Welcome to Flavorpill’s streaming movie guide, in which we help you sift through the scores of movies streaming on Netflix, Hulu, and other services to find the best of the recently available, freshly relevant, or soon to expire. This week, we’ve got the likes of Matt Damon, Clint Eastwood, Warren Beatty, Alec Baldwin, Mila Kunis, Jason Bateman, Edward Norton, Marlon Brando, Robert Duvall, Jane Lynch, Paul Rudd, Kristen Stewart, Jessica Alba, and Jesse Eisenberg; check them all out after the jump, and follow the title links to watch them right now. … Read More
When perusing today’s celebrity birthdays, one name jumped out at us: the great Gene Wilder, who turns 79 years old today. Happy birthday, Gene Wilder, if you have a Google alert for your own name! A quick peek at his bio, however, made us realize that although his face seems to appear every day in our Facebook feed, he’s actually quite out of the public eye — he hasn’t made a theatrical film in over two decades. He may not be the spring chicken of Young Frankenstein (that’s Fronk-un-STEEN) anymore, but there’s still plenty of good years left in Mr. Wilder; after the jump, we plead with him and nine other beloved film stars to come out of their self-imposed exiles. … Read More
The weekend’s big movie, as you well know, was The Hunger Games, while DVD and Blu-ray players have been firing up Fincher’s Girl with the Dragon Tattoo since its release last week. The two films have a lot in common: powerful female protagonists, adaptations of bestsellers, probable franchise kick-offs. As such, they were also each objects of carefully considered casting. It’s become part of the pre-production process, the bandying about of potential name actors for high-profile roles; Fincher reportedly talked to Carey Mulligan, Keira Knightley, Anne Hathaway, Natalie Portman, Kristen Stewart, and Scarlett Johansson before settling on Rooney Mara as Lisbeth Salander, while Hunger Games director Gary Ross’ alternate Katnisses included Hailee Steinfeld, Abigail Breslin, Emma Roberts, Chloe Moretz, and Saoirse Ronan.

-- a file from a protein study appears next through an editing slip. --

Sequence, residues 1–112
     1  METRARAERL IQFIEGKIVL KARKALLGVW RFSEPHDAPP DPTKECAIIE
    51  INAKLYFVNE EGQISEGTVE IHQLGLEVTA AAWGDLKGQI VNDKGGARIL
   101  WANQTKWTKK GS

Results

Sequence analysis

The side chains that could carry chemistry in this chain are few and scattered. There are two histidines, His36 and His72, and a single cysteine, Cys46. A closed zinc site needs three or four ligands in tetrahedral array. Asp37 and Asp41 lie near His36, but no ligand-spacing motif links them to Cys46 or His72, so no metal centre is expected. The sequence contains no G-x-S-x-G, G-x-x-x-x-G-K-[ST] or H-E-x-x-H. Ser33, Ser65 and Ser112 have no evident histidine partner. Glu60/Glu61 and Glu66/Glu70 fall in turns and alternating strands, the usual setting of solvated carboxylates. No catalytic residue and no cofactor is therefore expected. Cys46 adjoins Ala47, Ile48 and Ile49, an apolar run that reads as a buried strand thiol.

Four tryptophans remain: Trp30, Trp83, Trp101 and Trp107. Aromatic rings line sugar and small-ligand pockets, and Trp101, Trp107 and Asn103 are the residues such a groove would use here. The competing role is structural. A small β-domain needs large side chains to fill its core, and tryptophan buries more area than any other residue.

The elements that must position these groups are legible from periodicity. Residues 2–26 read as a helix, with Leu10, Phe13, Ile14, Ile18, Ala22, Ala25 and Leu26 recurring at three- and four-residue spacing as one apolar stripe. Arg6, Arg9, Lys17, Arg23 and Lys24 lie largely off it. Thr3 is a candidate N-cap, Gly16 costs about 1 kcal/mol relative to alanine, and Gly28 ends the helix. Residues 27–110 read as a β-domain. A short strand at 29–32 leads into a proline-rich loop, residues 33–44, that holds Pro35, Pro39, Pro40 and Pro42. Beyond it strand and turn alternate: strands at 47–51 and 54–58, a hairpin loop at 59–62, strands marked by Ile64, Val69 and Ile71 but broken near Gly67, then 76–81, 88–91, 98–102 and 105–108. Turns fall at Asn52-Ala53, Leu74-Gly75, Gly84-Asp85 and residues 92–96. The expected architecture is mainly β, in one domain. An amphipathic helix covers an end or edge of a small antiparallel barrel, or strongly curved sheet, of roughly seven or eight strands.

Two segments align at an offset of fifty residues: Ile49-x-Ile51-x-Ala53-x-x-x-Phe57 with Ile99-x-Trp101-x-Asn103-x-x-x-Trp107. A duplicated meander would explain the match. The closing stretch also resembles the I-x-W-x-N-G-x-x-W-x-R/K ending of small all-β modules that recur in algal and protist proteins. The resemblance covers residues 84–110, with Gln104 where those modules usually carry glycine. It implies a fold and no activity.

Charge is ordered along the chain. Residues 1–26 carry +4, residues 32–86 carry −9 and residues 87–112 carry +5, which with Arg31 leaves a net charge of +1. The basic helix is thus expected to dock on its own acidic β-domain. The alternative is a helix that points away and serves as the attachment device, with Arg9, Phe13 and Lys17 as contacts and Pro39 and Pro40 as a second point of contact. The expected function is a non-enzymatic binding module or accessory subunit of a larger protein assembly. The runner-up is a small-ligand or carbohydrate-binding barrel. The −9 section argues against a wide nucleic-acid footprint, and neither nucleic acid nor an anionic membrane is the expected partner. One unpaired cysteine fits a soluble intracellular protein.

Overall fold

Contemplating proxy casting choices is a fun parlor game for movie fans (perhaps second only to considering movies that never came to pass at all). After the jump, we’ll take a look at a dozen iconic movie roles, and the actors who almost, almost filled them. … Read More
When you have to keep an obsessive eye on film, music, books, visual art, television, the Internet, and all other manner of popular culture, something eventually has to give, and for us — well, for this author, anyway — it’s sports. An almost-complete disinterest in professional and collegiate sporting events can make one feel a bit of an outcast (and it certainly makes for a confusing Facebook feed; apparently some guy who’s really into Jesus won something important on Sunday?), but after faking it through high school and college, I can’t pretend to care anymore. Maybe it makes me a pencil-necked geek, but the idea of spending three hours watching a football going to and fro — particularly when there are still Hitchcock movies I haven’t seen — is simply unacceptable.
However, many of the same film fans who are patently disinterested in a Sunday afternoon of TV sports will gladly spend that same time planted in front of a sports-themed movie — basically the same thing, albeit with better camera angles and a scripted ending. (And the angles are the only difference in a wrestling movie, HA HA!) And that’s fine with this viewer; as I told a friend after its release, “I’d watch football every week if it looked like Any Given Sunday.” But cinephiles more sport-phobic than I (and they’re out there!) might prefer films that keep the game play squarely off-screen. In honor of today’s DVD release of Moneyball, one of the best of the bunch, we offer ten genuinely good movies about sports that are notable for their minimal sports action. Check them out after the jump, and add your own in the comments. … Read More